Day 1 - San Francisco to Prague
Day 2 - Kyiv from the air
Day 2 - Boryspil International Airport
Day 2 - First Views Of Kyiv
Day 3 - Guided Tour of Kyiv
Day 3 - Kyiv - On our own
Day 3 - Night train from Kyiv to L'viv
Day 4 - L'viv with Father Ken
Day 5 - Radekhiv
Day 5 - Vytkiv
Day 6 - Trip to Kolomyia
Day 6 - Halych
Day 6 - Ivano-Frankivs'k
Day 7 - Bazaar at Kosiv
Day 7 - Between Kosiv and Kolomyia
Day 7 - Kolomyia
Day 8 - Zvenyhorod
Day 8 - Back in L'viv
Day 9 - L'viv with Orest and Vitali
Day 10 - L'viv - Morning walk with Dad
Day 10 - L'viv on my own
Day 11 - L'viv with Dad
Day 11 - Night train to Budapest
Day 12 - Budapest
Day 13 - Budapest
Day 13 - Szentendre
Day 14 - Homeward bound

September 19 - October 2, 1999

DAY 6 - HALYCH - Галич

Friday, September 24, 1999

When I asked Dad about some interesting-looking, castle-like ruins on a hilltop to one side, he recognized them as something he had toured on a prior visit, and asked Ivan to turn off into the town of Halych. Then he asked a woman on the street how we could reach the ruins, and she led us partway, to some steps that led up the hillside. We told Ivan to wait, and headed up.

OSHA would have hated this climb. The trail came and went, and was totally unmarked. Lots of loose gravel and treacherous drops. Maybe we were using the back way. Eventually we reached the top, and were rewarded with the ruins I had seen from below, and a really great view of the area, but no clue what it was all about - Dad didn't remember the details, and there were no plaques or brochures - indeed, aside from a caretaker, we were alone! We climbed around and enjoyed the magnificent views.


I was able to find a useful Internet reference, as follows:

"Halych - The area where the old (12th century) capital of Prince Danylo Ghalytskiy, the founder of Lviv, was located. There are ruins of the castle, a couple of churches and chapels of 14th-16th centuries."

So this is really a very important historical site.

View of modern Halych from ruins on hill above the city. River = Dnister.

Ruins of ancient fort/castle on hills above Halych.


We walked back down and I took a few quick photos of the newly-rebuilt city center, with statue of "Prince Danylo Ghalytskiy, the founder of Lviv", so I guess that internet site was on the right track. Also, apparently the name "Halych" is the root of the name "Galicia", which is what the Poles called Western Ukraine.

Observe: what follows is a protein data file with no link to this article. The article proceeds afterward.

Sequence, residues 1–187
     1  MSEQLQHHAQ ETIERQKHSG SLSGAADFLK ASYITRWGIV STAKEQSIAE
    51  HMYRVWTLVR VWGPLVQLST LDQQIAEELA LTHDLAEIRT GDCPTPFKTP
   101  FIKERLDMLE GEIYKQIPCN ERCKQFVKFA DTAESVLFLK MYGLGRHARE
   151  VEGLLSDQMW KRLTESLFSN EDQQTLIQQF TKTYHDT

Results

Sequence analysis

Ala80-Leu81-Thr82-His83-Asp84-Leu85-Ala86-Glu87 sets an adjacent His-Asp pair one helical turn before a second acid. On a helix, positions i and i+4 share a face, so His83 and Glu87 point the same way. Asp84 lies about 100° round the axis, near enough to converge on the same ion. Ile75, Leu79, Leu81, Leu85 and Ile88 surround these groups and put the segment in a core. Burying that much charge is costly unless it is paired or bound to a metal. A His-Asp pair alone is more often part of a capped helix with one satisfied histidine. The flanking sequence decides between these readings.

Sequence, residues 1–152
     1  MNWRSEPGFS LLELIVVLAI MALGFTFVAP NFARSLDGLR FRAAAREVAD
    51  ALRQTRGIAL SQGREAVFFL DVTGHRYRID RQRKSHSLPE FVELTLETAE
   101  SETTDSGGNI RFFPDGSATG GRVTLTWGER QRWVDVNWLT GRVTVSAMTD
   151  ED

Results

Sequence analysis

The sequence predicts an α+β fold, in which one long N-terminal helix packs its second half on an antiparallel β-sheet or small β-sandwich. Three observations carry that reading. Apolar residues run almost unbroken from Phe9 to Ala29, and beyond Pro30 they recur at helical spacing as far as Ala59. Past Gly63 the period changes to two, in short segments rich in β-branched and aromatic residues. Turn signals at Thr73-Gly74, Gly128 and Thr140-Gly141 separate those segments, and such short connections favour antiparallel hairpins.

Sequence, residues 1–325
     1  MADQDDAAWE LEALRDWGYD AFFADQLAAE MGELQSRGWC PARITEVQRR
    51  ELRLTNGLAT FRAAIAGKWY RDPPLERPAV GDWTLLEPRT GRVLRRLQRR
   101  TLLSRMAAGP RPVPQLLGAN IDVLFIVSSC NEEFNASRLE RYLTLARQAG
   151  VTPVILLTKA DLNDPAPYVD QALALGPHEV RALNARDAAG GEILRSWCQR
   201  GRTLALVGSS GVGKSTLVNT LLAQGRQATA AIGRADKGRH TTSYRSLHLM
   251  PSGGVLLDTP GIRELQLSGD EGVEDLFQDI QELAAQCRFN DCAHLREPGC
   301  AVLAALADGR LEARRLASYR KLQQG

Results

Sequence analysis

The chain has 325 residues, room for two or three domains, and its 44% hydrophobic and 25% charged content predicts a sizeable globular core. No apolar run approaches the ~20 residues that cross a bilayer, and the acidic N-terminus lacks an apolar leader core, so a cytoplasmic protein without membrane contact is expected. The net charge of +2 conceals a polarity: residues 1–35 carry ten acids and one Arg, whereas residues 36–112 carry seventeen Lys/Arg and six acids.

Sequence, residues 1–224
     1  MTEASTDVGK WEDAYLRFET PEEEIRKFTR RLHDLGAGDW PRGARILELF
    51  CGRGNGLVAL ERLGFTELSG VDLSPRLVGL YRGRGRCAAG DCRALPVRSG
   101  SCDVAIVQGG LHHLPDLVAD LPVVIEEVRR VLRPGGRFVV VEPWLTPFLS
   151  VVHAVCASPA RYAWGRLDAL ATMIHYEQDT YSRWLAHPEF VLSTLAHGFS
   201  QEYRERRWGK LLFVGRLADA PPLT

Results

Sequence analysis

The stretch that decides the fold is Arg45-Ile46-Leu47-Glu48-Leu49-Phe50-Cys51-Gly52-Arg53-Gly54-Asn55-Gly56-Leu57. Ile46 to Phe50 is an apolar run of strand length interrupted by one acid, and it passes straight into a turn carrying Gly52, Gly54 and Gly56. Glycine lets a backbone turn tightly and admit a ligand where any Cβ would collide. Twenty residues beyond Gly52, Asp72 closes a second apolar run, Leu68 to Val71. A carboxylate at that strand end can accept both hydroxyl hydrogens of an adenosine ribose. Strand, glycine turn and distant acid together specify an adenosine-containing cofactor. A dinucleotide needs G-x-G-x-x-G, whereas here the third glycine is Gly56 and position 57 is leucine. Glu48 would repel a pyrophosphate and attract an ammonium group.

Just south of Halych, we came upon an open-air museum. Ivan was starting to get the hang of this (or maybe this was just the first thing we'd passed that he thought worth seeing), and pulled over as soon as I expressed an interest.

It turned out to be an historical-cultural museum, quite minimal at present, just a few buildings, reconstructions of houses of the area from about 150 years ago. This sort of museum/park is popular throughout Ukraine, apparently - I read about a huge one near Kyiv, and visited a large one (100 houses or so) right in L'viv. There was a guide on site who welcomed us enthusiastically and insisted we let her give us the grand tour.


The white cottage would have been in the area near Halych, while the log structure, fortress-like to protect against bandits, was from the area farther south, into the Carpathians, the area of the Hutsuls.

What struck me was not how they differed from one another, but how much the basic design of most of the houses (here and in the park in L'viv) was like the log cabin on Dad's father's farm near Hafford, with a hallway in the middle dividing two living areas on either side.

The guide was quite irate that I did not know Ukrainian, and seemed to hold Dad responsible. But once she got that lecture off her chest, she insisted on Dad's translating everything for me, and stopped after every few sentences so he could do it. If only everyone else on the trip had been more like her!

Just outside the park, another war monument - a sword stuck into the ground. I haven't a clue what it was about, but it's not big enough to be a Soviet creation.



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